Food insecurity is at a decade low in Arizona, report says

By Daria Yazmiene, Cronkite News
Posted 11/22/19

PHOENIX — Food insecurity — not having regular access to affordable, nutritious food — is a national problem, but it has dropped in Arizona over the past few years and now is at the …

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Food insecurity is at a decade low in Arizona, report says

Posted

PHOENIX — Food insecurity — not having regular access to affordable, nutritious food — is a national problem, but it has dropped in Arizona over the past few years and now is at the lowest level in a decade, according to a federal report.

Nearly 15% of Arizona households were considered food insecure four years ago. But a report last year from the U.S. Department of Agriculture says that figure has dropped to 12.4%.

The Arizona Hunger Advisory Council’s action plan to combat hunger calls for setting decent wages for workers, bolstering safety nets, such as food banks, and cultivating a regional food system to make healthful food accessible.

“It is one of those issues we can never give up on,” said Julie Murphree, a spokeswoman for the Arizona Farm Bureau.

Elena Sánchez says she, her husband and their nine children dealt with the financial hardships that can lead to hunger. The family lives in a two-bedroom trailer.

“We didn’t have money to pay the bills and the rent. Sometimes we didn’t have food,” Ms. Sánchez said in Spanish.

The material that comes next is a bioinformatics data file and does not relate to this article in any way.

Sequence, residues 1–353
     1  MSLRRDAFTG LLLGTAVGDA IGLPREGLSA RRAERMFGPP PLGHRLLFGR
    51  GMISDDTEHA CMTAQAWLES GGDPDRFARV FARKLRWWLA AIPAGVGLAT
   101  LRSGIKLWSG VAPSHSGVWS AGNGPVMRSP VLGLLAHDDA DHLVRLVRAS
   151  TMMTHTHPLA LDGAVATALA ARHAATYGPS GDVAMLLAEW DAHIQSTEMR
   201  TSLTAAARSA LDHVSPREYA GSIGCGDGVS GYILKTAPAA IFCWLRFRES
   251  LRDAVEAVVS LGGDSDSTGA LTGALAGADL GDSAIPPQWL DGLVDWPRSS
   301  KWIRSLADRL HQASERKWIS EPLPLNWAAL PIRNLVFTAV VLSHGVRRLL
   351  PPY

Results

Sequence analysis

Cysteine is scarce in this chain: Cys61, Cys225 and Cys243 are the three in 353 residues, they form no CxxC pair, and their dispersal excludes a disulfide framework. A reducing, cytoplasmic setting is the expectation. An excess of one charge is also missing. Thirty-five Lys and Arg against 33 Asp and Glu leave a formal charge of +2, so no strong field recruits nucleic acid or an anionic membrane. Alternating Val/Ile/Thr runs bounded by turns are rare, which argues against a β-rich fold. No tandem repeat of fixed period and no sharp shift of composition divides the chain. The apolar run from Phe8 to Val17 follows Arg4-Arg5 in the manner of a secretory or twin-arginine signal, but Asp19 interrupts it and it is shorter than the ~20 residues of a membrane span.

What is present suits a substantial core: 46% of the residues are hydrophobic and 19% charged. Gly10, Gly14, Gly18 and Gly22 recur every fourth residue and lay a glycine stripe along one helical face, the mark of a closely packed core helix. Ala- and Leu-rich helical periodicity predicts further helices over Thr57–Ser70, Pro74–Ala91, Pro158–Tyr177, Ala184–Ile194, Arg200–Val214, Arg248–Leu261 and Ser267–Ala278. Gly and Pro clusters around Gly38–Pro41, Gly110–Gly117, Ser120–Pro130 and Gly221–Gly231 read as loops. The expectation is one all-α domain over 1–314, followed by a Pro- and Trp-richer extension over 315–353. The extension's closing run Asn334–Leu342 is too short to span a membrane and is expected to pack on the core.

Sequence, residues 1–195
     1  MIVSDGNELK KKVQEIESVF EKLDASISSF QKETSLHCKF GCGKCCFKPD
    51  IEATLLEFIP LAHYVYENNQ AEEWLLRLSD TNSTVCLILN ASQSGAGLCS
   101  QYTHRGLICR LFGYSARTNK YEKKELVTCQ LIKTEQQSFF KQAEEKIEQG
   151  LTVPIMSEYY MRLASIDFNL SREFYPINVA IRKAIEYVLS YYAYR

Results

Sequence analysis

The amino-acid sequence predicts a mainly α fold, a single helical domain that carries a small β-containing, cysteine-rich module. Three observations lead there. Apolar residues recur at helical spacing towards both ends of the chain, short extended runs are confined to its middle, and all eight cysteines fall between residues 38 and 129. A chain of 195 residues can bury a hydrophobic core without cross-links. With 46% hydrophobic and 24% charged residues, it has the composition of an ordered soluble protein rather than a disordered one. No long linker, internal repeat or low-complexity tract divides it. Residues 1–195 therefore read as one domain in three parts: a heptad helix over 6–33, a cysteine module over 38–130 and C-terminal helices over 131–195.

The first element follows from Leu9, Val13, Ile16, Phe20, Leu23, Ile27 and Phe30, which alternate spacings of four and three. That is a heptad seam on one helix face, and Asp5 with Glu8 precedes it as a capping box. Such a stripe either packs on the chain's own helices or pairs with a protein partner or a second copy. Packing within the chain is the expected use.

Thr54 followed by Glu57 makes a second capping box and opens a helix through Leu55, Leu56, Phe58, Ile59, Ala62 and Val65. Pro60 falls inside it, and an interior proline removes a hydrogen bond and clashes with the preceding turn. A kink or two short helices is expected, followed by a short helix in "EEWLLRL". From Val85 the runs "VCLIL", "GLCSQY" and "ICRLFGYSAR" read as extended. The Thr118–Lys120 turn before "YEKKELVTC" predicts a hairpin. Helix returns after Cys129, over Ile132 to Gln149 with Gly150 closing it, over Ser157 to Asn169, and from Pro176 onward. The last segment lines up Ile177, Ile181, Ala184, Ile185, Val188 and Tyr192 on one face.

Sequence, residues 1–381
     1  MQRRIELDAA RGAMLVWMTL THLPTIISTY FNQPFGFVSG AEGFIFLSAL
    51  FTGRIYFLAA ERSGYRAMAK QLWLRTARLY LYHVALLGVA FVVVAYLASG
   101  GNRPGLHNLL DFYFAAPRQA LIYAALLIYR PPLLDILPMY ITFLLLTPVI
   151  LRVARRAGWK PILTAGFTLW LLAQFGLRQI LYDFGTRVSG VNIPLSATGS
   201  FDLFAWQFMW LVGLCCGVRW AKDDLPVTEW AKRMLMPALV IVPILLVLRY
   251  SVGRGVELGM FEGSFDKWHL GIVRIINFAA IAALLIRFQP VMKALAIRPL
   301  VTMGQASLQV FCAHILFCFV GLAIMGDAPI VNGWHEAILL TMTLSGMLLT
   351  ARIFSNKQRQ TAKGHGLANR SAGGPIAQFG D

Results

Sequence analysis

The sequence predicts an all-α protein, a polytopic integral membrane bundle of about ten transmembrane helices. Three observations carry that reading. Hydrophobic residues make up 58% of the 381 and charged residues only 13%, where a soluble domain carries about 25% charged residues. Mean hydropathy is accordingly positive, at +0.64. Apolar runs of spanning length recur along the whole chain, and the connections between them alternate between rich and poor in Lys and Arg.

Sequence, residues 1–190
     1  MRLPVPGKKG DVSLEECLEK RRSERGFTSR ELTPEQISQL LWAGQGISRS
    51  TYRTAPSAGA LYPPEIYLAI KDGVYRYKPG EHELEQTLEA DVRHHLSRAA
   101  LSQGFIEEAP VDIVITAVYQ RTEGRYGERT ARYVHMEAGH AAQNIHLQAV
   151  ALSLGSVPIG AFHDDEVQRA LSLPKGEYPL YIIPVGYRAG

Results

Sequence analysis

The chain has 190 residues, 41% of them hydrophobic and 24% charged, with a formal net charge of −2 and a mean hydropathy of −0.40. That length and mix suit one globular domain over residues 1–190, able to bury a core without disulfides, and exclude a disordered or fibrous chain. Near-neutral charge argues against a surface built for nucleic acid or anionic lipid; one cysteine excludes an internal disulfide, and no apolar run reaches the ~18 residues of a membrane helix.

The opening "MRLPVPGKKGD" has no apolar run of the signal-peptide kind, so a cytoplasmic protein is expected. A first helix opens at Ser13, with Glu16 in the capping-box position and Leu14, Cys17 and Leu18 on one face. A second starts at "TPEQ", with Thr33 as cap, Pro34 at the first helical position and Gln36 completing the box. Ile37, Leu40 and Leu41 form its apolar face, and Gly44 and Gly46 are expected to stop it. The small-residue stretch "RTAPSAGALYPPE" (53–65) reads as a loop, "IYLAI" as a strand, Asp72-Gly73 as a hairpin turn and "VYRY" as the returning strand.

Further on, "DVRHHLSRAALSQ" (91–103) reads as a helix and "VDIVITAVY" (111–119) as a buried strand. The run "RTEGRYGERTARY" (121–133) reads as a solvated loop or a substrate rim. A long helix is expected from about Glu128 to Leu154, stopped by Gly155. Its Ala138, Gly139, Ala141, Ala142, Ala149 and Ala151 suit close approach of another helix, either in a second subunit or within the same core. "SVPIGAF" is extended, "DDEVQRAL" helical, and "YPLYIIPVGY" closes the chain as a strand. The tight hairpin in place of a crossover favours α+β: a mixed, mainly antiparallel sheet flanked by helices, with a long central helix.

Food insecurity often correlates to where someone lives. The federal government classifies a food desert as low accessibility to nearby grocery stores that offer fresh produce and other nutritious options. Food swamps are considered areas with an abundance of cheap and unhealthy fast food restaurants and convenience stores.

Low-income families struggle to manage their diet and get the proper nutrients, according to Sonia Vega-López, a professor of nutrition at Arizona State University.

“They may be consuming the foods that are cheaper and more readily available but not necessarily good sources of nutrients or high quality foods or proteins,” she said.

Robert Smook, a spokesman for the Arizona Department of Agriculture, said the Hunger Advisory Council developed a nine-point plan in 2017 to increase Arizonans’ economic security and make food more accessible, including such solutions as community gardens and food banks.

“One in four children — over 400,000 in the state of Arizona — don’t know where that next meal is coming from,” said Jerry Brown, spokesperson for St. Mary’s Food Bank. It distributes about 250,000 meals a day, but it can’t always supply families with the three daily meals they need, Brown said.

Elena Sánchez’s family was fortunate. Her husband now has a job. They’re able to fix up their trailer. And they now have money for food, Ms. Sánchez said.

“Now, thanks to God, little by little, we are getting up.”

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